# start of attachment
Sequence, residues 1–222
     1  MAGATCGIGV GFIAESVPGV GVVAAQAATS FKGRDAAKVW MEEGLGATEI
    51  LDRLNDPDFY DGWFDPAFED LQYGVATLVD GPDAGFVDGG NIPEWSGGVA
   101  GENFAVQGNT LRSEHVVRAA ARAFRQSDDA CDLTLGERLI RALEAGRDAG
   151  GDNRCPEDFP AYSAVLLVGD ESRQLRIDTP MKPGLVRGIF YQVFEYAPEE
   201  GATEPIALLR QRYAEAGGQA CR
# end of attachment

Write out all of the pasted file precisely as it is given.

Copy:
Sequence, residues 1–222
     1  MAGATCGIGV GFIAESVPGV GVVAAQAATS FKGRDAAKVW MEEGLGATEI
    51  LDRLNDPDFY DGWFDPAFED LQYGVATLVD GPDAGFVDGG NIPEWSGGVA
   101  GENFAVQGNT LRSEHVVRAA ARAFRQSDDA CDLTLGERLI RALEAGRDAG
   151  GDNRCPEDFP AYSAVLLVGD ESRQLRIDTP MKPGLVRGIF YQVFEYAPEE
   201  GATEPIALLR QRYAEAGGQA CR